By Craig Gemmell
Head of School
I was startled a few afternoons ago.
I was walking my dog quietly along the drive down to the lake, exchanging pleasantries with students and chatting with those who stopped to pet the dog. Then a boy whipped by on a hoverboard while talking on his iPhone, one ear bud dangling out of his hoodie. A non sequitur. Or was it?
Unless you just arrived from the Pleistocene era, you know what an iPhone is. But for those of you who are not familiar with hoverboards, they are the rage among adolescents here and, surely, in many places where there is pavement. They just might be the it present this Christmas.
The premise of a hoverboard is simple: two wheels are connected to a platform containing a powerful battery and some sort of gyroscopic gizmo. Standing on it (as I did a few weeks ago), one leans forward gently and is conveyed silently along. Weight one foot slightly more than the other, and the board turns around almost telepathically. A wild and eerie sensation it is.
This missive is not to extol the virtues of hoverboards even though they are, as gadgets go, really quite cool. Nor is it a narrative to dismiss their dangers; we are trying as adults to figure out now how to let kids have fun safely and in ways that are enforceable with these and the other wheeled devices – scooters and skateboards – that arrive from Amazon every day.
This is a missive about the perplexing rise in technology I only seem to notice when something radically new, like the hoverboard, appears on our otherwise relatively timeless campus.
A boy riding a hoverboard while talking on the phone (and soon about to listen to his music.) Hmmm…
I’ve come to think that Brewster, like many small New England boarding schools, thrives best when people are, well, mostly together. Walking together. Talking together. Getting along. Not getting along and working it out. Struggling and seeking out a teacher or friend instead of using minutes on their calling plan to pull a parent in. Living here, together.
And yet when I walk about campus, I see many kids zipping along tapped into technologies that draw them inward rather than outward. I walk through, say, Estabrook on a beautiful day like today, where I see kids staring at screens over their lasagna instead of talking with or watching others; kids eating with earbuds in rather than conversing with a new schoolmate.
I know that technology has made learning a more portable endeavor, and classrooms are far more dynamic places at Brewster than they were when I was in high school, in part because of the power technology confers on both teacher and student to access, display, manipulate, and present information. I know that technology makes us a better school in a narrow sense. And I also know that we all need our “down” time, but are there ways in which technology might at times hinder us within this community?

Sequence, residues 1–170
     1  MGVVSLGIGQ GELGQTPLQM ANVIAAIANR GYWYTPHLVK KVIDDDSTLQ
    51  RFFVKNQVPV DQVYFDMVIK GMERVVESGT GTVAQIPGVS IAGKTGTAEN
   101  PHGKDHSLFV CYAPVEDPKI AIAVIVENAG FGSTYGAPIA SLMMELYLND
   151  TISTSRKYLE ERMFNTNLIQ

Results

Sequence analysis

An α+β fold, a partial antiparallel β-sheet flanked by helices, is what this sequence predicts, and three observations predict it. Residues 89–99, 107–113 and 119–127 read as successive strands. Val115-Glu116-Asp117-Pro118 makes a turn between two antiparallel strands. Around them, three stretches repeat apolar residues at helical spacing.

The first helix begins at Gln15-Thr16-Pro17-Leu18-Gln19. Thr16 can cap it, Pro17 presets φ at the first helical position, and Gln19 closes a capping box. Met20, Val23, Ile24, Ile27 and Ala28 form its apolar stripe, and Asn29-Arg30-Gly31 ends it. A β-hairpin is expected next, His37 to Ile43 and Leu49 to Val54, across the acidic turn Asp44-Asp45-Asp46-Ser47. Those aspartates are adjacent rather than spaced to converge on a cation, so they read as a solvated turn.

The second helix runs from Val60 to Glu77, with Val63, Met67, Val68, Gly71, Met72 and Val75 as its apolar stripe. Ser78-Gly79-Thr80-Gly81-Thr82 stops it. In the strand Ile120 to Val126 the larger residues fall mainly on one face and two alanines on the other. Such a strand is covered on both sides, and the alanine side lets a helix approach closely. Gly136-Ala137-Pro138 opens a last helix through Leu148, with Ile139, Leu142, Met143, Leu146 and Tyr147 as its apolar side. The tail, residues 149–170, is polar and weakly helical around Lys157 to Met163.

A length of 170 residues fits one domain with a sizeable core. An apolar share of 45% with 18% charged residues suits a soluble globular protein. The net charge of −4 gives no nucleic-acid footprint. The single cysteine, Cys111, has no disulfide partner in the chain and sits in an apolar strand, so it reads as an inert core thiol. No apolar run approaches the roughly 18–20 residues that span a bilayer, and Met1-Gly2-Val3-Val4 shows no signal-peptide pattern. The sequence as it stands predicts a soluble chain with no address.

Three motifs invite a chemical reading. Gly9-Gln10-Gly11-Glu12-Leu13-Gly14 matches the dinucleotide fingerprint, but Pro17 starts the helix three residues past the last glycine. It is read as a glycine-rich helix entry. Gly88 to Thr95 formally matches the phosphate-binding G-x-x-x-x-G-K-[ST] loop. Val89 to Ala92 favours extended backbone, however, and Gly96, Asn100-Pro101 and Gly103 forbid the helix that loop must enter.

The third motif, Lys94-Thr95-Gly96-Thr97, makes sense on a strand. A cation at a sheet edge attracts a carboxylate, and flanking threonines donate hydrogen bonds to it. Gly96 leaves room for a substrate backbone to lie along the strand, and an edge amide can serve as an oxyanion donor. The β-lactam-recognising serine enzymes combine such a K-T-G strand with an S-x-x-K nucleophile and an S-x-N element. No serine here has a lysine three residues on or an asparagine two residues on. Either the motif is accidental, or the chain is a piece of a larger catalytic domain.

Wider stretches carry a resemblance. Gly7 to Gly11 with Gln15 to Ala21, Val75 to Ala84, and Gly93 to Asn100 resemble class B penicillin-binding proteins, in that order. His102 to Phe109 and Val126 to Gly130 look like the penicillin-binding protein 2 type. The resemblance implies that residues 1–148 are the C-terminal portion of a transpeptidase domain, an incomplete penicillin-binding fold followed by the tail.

Here’s my fear: our wheeled and pixilated devices — not thoughtfully used — threaten to take us away from what really makes a place like this tick: talking, lingering, strolling, being really present.
I’m an educator who leans toward general principles over prescriptive rules, and the general principle I’m inclined toward here is a simple one: we need, all of us, to pay attention to what matters most. I’d love for us to talk some about this — not through texts or Facebook posts or tweets or any of the other social media portals. Talk by sitting, not while rolling by each other in different directions with buds in our ears.
What, I ask, would it be like to just slow down and walk together a bit more, chat? Look around at each other instead of our own reflections in our screens? Would we be able to give and gain more if intent on those right here, around us, in real time? To hear our classmates and peers – the voices and sentiments of those right next to us rather than those that we can hit replay on and listen to over and over again when we are truly alone. I am inclined to think that we’d be yet a better school and prepare kids to enter their next community and more ready to become themselves by engaging ever more fully in the human opportunities available on these beautiful campuses. Education v. 2.0.
I’d love to know what others think. Send me a note – perhaps even by snail mail.
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